This way and that, and every way at once, he was writhing and pushing and prising and dragging.
Mr. Snow was prising with a rotten rail, and it broke, and he went down in the wet.
prising open a box of cigars, he sniffed it with the suspicion of inexperience and proffered it diffidently to Oakleigh.
The object was to lift the door off the hinges, partly by prising it up with a lever.
After prising open one of the boxes, many rounds of German rifle-cartridges were revealed.
Another is a packing-case opener, such as is used in Covent Garden every day for prising open boxes of fruit.
Working in turns, they succeeded at the end of three hours' work in prising the slab from its bed.
They sat down close to where I lay, and prising out the bung, filled the liquor into their tin cups, and commenced imbibing.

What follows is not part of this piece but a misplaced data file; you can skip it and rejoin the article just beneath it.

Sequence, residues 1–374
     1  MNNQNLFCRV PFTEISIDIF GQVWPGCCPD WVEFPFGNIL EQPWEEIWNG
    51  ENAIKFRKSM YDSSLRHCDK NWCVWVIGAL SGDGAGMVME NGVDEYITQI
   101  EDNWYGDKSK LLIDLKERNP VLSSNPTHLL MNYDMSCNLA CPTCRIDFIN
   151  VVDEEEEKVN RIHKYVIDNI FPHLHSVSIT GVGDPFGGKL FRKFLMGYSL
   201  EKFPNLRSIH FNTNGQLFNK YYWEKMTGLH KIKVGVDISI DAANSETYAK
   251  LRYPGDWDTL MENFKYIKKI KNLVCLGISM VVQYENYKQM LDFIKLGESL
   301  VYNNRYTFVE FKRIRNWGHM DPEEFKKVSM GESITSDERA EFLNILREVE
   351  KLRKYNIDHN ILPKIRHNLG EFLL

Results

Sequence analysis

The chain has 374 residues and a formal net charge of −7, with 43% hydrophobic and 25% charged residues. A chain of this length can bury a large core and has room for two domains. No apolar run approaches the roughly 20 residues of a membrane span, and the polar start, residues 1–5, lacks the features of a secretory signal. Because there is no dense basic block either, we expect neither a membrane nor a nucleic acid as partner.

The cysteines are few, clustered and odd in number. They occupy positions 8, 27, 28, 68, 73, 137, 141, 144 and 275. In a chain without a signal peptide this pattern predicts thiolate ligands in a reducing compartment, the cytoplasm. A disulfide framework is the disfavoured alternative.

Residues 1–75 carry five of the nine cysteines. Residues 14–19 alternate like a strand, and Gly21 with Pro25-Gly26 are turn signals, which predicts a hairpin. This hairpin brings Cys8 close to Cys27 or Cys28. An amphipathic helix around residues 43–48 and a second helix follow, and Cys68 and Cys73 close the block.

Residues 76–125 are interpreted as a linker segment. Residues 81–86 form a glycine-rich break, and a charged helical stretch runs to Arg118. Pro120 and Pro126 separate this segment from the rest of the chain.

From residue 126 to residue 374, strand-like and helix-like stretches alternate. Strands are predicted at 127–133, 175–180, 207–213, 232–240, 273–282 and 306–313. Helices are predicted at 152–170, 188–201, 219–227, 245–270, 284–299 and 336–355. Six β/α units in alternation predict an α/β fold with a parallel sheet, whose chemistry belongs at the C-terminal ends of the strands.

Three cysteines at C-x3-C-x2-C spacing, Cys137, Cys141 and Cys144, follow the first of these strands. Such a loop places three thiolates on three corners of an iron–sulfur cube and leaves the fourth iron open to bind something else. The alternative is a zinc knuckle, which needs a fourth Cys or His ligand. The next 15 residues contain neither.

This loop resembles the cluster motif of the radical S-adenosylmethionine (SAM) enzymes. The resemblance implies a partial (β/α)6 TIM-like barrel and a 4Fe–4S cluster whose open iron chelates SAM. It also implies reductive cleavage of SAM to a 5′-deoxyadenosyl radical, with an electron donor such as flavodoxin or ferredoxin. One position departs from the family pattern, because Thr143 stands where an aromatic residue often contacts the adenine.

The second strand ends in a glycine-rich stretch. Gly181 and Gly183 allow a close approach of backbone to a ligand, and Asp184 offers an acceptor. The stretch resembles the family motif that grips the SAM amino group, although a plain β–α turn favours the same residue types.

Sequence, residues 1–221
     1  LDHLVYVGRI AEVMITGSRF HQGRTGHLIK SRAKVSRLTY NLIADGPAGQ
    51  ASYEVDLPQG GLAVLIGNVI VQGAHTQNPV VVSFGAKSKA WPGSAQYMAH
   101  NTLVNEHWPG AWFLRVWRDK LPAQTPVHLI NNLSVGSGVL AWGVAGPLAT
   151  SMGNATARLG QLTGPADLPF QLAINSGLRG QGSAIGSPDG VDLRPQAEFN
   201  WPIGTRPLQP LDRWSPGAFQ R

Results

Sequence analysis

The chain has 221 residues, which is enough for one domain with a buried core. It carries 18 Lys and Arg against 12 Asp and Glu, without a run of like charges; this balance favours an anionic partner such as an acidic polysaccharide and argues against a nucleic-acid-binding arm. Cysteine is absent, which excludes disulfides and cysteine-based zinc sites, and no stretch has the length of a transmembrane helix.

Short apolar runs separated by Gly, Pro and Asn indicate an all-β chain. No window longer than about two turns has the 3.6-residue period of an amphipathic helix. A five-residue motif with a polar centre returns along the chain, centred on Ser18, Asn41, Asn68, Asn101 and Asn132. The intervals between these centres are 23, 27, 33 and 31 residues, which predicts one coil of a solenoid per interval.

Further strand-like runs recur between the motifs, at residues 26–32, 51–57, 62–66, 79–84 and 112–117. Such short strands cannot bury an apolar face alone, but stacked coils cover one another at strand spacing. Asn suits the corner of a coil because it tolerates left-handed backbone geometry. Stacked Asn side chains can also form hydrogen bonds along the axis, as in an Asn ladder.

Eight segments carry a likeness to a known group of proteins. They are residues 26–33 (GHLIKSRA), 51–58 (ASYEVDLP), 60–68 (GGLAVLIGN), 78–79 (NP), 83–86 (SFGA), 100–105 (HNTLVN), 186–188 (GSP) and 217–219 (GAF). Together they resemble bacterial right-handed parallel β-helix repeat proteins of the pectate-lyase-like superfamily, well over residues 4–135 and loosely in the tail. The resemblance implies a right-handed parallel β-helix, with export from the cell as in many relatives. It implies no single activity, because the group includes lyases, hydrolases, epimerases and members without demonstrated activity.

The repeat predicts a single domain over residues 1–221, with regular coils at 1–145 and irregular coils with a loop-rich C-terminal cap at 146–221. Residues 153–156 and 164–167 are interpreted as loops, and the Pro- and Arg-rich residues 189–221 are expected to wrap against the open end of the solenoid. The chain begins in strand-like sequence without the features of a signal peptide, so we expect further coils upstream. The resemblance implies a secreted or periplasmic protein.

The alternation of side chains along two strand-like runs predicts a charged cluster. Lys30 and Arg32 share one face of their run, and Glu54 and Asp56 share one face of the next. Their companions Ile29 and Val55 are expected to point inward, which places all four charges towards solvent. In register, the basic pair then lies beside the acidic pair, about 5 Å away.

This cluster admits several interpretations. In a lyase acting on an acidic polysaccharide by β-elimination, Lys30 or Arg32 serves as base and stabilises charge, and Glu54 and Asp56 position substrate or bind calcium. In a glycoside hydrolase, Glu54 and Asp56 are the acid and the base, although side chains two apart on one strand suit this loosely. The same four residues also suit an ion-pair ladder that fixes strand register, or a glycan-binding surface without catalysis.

For perhaps half a minute he stood his ground, contenting himself by prising the lurcher's jaws apart.
"reward," prise (c.1300 in this sense), from Old French pris "price, value, worth; reward" (see price (n.)). As an adjective, "worthy of a prize," from 1803. The spelling with -z- is from late 16c. Prize-fighter is from 1703; prize-fight from 1730 (prize-fighter from 1785).
"something taken by force," mid-13c., prise "a taking, holding," from Old French prise "a taking, seizing, holding," noun use of fem. past participle of prendre "to take, seize," from Latin prendere, contraction of prehendere "lay hold of, grasp, seize, catch" (see prehensile). Especially of ships captured at sea (1510s). The spelling with -z- is from late 16c.
"to estimate," 1580s, alteration of Middle English prisen "to prize, value" (late 14c.), from stem of Old French preisier "to praise" (see praise (v.)). Related: Prized; prizing.